from the editor
Back Bay | Biddeford Pool
SOMETIMES IT IS EASY TO CALL OUT THE MEN-
tors in our lives. The wise teacher, understanding relative, supportive boss, or encouraging colleague all
qualify. Other times, a mentoring alliance is less obvious. Recently, a Boston kitchen designer and I were
discussing a project she had done with a respected
local architect when she noted that she was working on
another house with him, and that, in fact, over the last
few years they had designed several kitchens together.
“He’s really been kind of a mentor to me,” she said.
Until that moment, the notion that their relationship was one of mentor and protégée had not
occurred to her. Sure, she knew and appreciated that
he had shared the knowledge and wisdom gleaned
from his years of experience, but the informality of the lessons taught and learned in everyday exchanges of ideas, spec sheets, and client meetings happened so naturally, neither
teacher nor student noticed.
That is often how mentoring plays out in the design business. An interior designer might
get guidance and encouragement from a showroom manager, a lighting specialist might find
answers from a seasoned builder, an architect might land a job thanks to a landscape designer’s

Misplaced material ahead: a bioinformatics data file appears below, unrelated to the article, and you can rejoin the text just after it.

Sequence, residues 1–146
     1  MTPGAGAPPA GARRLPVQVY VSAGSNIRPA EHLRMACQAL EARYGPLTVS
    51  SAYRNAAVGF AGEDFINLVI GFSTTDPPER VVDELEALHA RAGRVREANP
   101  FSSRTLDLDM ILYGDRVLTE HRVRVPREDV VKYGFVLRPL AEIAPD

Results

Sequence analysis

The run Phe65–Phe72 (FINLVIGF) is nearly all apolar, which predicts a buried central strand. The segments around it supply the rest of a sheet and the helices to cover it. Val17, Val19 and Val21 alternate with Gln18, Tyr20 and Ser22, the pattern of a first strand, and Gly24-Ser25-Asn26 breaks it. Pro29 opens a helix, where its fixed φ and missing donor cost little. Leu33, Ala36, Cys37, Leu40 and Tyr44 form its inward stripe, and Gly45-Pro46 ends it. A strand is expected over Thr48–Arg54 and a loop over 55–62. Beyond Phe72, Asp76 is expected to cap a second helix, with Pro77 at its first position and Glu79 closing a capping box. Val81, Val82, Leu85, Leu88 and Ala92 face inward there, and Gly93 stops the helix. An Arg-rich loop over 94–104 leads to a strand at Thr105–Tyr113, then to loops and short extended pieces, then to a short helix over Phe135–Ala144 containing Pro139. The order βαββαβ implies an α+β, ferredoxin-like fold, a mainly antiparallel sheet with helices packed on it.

recommendation. These interactions seem routine, but examined in the light of mentoring,
they can be the subtle moments of support that keep a career on course.
If there is a mentor of any sort in your design life, nominate him or her for Design New
England’s Mentors In Design (MIDDIES) program at
DesignNewEngland.com by February
28. Charles Dickens said, “There is a wisdom of the head, and a wisdom of the heart.” A true
mentor shares both.
gail ravgiala, editor
estelle bond guralnick is our
contributing editor for Style &
Interiors and is regional editor
for Traditional Home magazine.
She captured the essence of
personal style in her story on a
renovation that turned a spec
house into a home with a
custom fit. page 66.
russ mezikofsky and lindsey buchleitner have recently
teamed up to launch Inside Outside Photography in Hull,
Massachusetts. The seasoned photographers bring a
combined 15-plus years of experience to their work capturing
images of inspiring homes, people, and lifestyle trends. For
this issue, the two lived up to their namesake and shot the
home and shop of antiques dealer Peter Eaton and his wife,
folk art authority Joan R. Brownstein, inside and out. living
by example, page 46.